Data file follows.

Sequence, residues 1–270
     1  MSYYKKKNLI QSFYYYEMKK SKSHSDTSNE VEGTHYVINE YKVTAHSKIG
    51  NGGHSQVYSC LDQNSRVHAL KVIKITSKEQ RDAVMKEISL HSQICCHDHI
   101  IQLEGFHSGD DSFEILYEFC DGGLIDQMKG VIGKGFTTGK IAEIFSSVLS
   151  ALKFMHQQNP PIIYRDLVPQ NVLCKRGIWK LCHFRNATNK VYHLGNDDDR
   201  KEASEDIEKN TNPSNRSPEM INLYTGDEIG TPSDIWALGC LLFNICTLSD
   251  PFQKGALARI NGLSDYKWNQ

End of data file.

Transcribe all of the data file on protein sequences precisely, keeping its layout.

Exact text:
Sequence, residues 1–270
     1  MSYYKKKNLI QSFYYYEMKK SKSHSDTSNE VEGTHYVINE YKVTAHSKIG
    51  NGGHSQVYSC LDQNSRVHAL KVIKITSKEQ RDAVMKEISL HSQICCHDHI
   101  IQLEGFHSGD DSFEILYEFC DGGLIDQMKG VIGKGFTTGK IAEIFSSVLS
   151  ALKFMHQQNP PIIYRDLVPQ NVLCKRGIWK LCHFRNATNK VYHLGNDDDR
   201  KEASEDIEKN TNPSNRSPEM INLYTGDEIG TPSDIWALGC LLFNICTLSD
   251  PFQKGALARI NGLSDYKWNQ